You have to remember that everyone else is doing the same thing. It's not like I'm the only one that is doing this. I try to see where I can be better by reflecting on the prior year and the races where I felt like the bike or I could have been better. With my team of people, I give the feedback to them so we can fix those areas. As we build to the new season there are some commitments and obligations, but that's part of it all. These companies pay us a lot of money to do this, so I always learn more with the testing. When you line up at Anaheim One, you hope that you're on target and can apply yourself, without worrying about anything else.
Every year we go through the same deal, "This is the deepest field yet," type of thing. Do you have to adjust your mindset to that or is it more, "Well yeah, but I'm the defending champion so I know where I'm at?"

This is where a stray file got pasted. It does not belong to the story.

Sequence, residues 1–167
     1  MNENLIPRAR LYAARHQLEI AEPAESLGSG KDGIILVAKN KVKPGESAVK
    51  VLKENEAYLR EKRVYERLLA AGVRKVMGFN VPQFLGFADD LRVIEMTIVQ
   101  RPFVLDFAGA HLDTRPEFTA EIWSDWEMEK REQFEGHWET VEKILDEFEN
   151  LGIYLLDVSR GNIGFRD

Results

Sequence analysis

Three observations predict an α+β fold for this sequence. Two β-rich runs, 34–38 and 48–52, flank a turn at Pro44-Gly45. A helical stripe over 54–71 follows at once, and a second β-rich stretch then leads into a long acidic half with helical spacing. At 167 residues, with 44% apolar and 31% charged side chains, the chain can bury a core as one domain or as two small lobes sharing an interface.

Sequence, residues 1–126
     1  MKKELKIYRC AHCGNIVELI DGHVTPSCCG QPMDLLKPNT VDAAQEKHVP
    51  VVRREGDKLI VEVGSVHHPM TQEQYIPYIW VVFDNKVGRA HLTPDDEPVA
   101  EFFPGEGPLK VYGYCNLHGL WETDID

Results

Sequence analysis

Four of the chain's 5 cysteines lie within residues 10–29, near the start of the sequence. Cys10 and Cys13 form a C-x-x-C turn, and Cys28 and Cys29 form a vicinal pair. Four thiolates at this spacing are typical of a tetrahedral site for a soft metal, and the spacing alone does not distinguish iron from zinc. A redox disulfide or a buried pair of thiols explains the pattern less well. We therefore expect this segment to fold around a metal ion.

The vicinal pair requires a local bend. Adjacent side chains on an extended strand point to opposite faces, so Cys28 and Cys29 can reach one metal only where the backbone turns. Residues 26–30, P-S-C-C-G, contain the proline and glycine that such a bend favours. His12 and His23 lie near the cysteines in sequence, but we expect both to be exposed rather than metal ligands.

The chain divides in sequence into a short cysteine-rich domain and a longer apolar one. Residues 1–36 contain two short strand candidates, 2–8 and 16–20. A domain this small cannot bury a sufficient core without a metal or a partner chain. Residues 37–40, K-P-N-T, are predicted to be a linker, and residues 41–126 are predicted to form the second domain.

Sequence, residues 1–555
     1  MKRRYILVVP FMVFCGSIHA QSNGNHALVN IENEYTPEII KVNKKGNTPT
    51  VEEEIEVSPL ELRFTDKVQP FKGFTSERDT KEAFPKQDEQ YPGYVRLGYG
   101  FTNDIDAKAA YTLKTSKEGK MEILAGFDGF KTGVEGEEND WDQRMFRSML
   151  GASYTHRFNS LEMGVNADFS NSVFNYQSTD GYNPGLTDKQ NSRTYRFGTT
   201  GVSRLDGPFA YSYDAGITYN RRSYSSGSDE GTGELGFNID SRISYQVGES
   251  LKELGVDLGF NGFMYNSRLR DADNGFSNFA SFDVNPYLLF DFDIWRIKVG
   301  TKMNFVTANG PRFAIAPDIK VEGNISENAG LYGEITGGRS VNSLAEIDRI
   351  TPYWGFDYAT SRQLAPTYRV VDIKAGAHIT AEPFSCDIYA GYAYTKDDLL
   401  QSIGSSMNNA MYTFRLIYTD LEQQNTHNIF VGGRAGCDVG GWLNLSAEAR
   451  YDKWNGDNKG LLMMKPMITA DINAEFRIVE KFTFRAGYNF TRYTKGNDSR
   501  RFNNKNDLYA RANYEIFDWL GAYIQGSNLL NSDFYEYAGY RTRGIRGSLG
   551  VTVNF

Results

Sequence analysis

I think it's important to have an open mind on who is coming in and who is there. You don't want to underestimate people, because that's when they catch you by surprise and that's never good. You want to know where a guy's weakness and strengths are, and still I focus on myself because it doesn't do me any good to worry about the things that I can't control. I just apply myself the best I can and will apply my experience. Everything is so close these days that I have to use all of the positives that I know and then learn how I can be better from the other riders. Overall, you hope to have the best package with the people around you and the atmosphere. It's not just about you and the bike, because you need a good crew around you to improve everything. It all works together. Even with my wife and her support, I think that if she wasn't so helpful how miserable it would probably be. All of these things play factors.